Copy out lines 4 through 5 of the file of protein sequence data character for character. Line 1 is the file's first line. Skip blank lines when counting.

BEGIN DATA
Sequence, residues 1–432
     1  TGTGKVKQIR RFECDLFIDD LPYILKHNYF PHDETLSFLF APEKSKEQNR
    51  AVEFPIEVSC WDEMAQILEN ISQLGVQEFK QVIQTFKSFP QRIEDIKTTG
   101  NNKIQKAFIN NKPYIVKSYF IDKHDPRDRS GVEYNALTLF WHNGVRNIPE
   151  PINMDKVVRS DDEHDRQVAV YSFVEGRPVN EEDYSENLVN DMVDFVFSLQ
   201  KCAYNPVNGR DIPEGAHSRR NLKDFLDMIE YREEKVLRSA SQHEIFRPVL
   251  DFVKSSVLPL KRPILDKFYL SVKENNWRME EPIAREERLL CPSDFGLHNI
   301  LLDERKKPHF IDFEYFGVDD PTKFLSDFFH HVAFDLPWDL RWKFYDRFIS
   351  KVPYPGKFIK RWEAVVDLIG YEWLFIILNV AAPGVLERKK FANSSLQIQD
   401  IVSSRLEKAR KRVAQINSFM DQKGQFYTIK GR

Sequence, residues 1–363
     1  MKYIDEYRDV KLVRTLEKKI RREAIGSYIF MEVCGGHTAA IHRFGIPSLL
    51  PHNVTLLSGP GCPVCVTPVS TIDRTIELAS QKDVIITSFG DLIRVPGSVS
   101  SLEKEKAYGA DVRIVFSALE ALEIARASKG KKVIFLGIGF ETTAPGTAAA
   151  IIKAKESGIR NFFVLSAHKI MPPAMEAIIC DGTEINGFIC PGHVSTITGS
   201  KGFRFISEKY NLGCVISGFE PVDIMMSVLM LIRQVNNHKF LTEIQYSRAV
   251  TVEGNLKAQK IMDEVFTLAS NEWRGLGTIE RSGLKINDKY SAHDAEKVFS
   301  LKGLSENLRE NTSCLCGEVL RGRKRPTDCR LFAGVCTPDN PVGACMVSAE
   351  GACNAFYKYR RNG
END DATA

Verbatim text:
   101  NNKIQKAFIN NKPYIVKSYF IDKHDPRDRS GVEYNALTLF WHNGVRNIPE
   151  PINMDKVVRS DDEHDRQVAV YSFVEGRPVN EEDYSENLVN DMVDFVFSLQ